By guest blogger and author Hester Davenport
Hester Davenport, right, with Maggie Lane, both members of the Burney Society.
On Saturday 15 June a plaque was unveiled
in the gallery of St Swithin’s Church, Bath to Fanny Burney the novelist and
diary-writer, or Mme d’Arblay as she was known after her marriage. This righted
a wrong dating from 1958, when plaques to her and her half-sister Sarah Harriet
were lost. When the St Swithin’s organ was moved downstairs the church
authorities, fearing damage, sought to protect them by taking them away
beforehand – ironically they then disappeared completely.
There is a strong Burney connection with
Bath and with St Swithin’s. Fanny visited it many times and lived there with
her husband, Alexandre d’Arblay, after their return from France in 1815.
Alexandre died in 1818 and was buried at Swithin’s, and in 1837 her son
Alexander joined his father in the churchyard. Fanny, who died in London in
1840 at the age of 88, had asked in her will to be buried there too so all
three could be united in death. She had already erected a memorial plaque to
her husband in the church gallery and shortly after her own death her heirs
paid for an elaborate memorial to her. Her half-sister died in 1844, in
Cheltenham, but as she had lived for several years in Bath a memorial plaque
was placed beside Fanny’s. (She was also a novelist, and though not achieving
the fame of her sister her novel Clarentine
was read three times by Jane Austen, a recommendation indeed.)
The convoluted story does not end there. A
huge table-top tomb had been placed over the graves of Fanny and Alexander by
Burney descendants, but in 1955 the church decided to exhume the bodies and
reinter them near the church (and near the grave of Jane Austen’s father). In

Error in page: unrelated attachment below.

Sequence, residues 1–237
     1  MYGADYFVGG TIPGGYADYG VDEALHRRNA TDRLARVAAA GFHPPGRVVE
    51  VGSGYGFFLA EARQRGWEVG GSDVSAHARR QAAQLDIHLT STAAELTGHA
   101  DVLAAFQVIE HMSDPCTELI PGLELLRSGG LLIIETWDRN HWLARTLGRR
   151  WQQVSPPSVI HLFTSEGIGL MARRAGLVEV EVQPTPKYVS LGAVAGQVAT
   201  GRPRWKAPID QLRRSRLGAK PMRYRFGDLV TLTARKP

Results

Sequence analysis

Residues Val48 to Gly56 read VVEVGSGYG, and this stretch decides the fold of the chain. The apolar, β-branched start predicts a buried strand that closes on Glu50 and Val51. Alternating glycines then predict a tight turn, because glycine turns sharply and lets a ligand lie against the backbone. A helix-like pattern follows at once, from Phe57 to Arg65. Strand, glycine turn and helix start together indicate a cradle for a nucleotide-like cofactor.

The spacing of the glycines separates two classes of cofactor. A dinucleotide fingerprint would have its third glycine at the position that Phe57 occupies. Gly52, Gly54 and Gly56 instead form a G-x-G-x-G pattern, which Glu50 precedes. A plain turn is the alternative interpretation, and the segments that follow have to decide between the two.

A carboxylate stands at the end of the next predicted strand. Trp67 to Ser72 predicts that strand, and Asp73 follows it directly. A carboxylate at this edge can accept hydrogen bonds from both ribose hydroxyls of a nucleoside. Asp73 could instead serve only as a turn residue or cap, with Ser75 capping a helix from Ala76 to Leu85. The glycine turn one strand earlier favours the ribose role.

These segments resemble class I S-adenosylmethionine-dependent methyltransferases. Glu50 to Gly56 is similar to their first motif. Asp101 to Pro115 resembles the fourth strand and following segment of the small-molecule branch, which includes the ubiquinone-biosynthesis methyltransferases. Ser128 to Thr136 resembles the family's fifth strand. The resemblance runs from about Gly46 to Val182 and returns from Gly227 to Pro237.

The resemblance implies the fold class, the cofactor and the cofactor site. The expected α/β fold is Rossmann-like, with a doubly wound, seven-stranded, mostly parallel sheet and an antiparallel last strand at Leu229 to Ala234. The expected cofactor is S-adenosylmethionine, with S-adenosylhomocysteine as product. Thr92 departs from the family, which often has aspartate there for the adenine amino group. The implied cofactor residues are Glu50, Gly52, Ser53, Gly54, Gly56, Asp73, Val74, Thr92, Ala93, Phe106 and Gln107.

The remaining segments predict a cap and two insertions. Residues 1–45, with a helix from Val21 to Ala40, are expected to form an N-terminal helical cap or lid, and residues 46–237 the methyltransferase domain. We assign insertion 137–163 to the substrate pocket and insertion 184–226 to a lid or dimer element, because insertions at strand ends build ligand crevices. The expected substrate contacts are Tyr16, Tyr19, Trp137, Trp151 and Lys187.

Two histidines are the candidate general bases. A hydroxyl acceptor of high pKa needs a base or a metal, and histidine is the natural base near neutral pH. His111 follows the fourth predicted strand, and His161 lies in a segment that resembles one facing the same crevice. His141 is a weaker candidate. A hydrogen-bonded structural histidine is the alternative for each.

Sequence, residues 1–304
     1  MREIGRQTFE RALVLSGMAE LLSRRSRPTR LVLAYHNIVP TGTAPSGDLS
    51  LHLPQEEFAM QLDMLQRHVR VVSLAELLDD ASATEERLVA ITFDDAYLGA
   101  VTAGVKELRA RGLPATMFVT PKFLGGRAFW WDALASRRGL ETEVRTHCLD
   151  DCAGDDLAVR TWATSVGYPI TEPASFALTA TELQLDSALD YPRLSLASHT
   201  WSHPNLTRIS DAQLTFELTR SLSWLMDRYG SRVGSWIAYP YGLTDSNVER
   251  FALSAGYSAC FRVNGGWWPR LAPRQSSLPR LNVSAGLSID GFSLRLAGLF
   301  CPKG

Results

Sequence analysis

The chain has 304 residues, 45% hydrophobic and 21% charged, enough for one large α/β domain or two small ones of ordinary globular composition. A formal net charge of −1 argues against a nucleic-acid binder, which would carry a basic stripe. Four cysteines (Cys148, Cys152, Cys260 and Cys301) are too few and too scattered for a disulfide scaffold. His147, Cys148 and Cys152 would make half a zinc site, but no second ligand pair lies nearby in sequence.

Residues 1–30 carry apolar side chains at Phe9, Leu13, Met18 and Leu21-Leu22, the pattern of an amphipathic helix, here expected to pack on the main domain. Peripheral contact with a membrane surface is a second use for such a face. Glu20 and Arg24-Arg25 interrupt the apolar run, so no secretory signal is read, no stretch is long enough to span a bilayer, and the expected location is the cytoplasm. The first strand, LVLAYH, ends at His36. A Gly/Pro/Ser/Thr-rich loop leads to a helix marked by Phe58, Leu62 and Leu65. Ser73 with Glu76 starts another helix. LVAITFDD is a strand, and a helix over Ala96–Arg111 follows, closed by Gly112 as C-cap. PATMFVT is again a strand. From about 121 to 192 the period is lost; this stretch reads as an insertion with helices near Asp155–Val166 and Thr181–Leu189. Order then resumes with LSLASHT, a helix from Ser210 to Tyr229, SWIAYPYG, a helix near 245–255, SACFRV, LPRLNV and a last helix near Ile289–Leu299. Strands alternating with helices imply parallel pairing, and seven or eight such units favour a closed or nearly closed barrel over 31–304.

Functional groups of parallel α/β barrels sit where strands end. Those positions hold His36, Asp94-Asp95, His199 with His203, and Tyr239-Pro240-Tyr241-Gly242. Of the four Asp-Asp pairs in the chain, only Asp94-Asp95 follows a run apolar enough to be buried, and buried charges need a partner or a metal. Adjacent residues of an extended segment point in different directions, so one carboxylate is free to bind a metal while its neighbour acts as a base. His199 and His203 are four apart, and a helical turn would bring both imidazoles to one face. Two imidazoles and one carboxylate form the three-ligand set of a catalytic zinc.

the event only the massive tombstone was placed where it is today and the
bodies were, without identification, reinterred in a communal graveyard. The
tombstone had become an empty sarcophagus.
The Burney Society decided to do something
about matters. The sarcophagus was cleaned and re-engraved, and in 2005 a
ceremony was held, with onlookers scattering flower petals and the author UA Fanthorpe
reading a specially-written poem. Since that event the Society has been
fund-raising to replace the missing plaques. Marble plaques with lengthy
inscriptions cost a lot of money, and only in the summer of 2012 was the target
reached at least for Fanny’s. There was money left over, and a plaque with a
simple inscription was planned for Sarah Harriet since the original wording was
thought lost. But then a Burney scholar discovered in an obscure volume a
photograph of it! This was exciting news except that now another £2000 would be
needed for all the extra letters.
At least now Mme d’Arblay’s spirit must be
at rest. The plaque, superbly engraved by Tony Brown (at right in photo below), was unveiled by Maggie
Lane (at left in photo below with Burney Society President Bill Fraser). Maggie, well-known to members of the Jane Austen Society, was a founder
member of the Burney Society and was for many years one of its Vice-Presidents;
she is the author of A City of Palaces:
Bath through the Eyes of Fanny
But poor Sarah Harriet (Harriotte in the
baptismal register) still has no plaque and the empty space is all too obvious.
We are now fund-raising as hard as we can; donations of any size would be much
appreciated and could be sent to me: Hester Davenport (Chair British Burney
Society), 60 Church Road, Old Windsor, Berkshire SL4 2PG.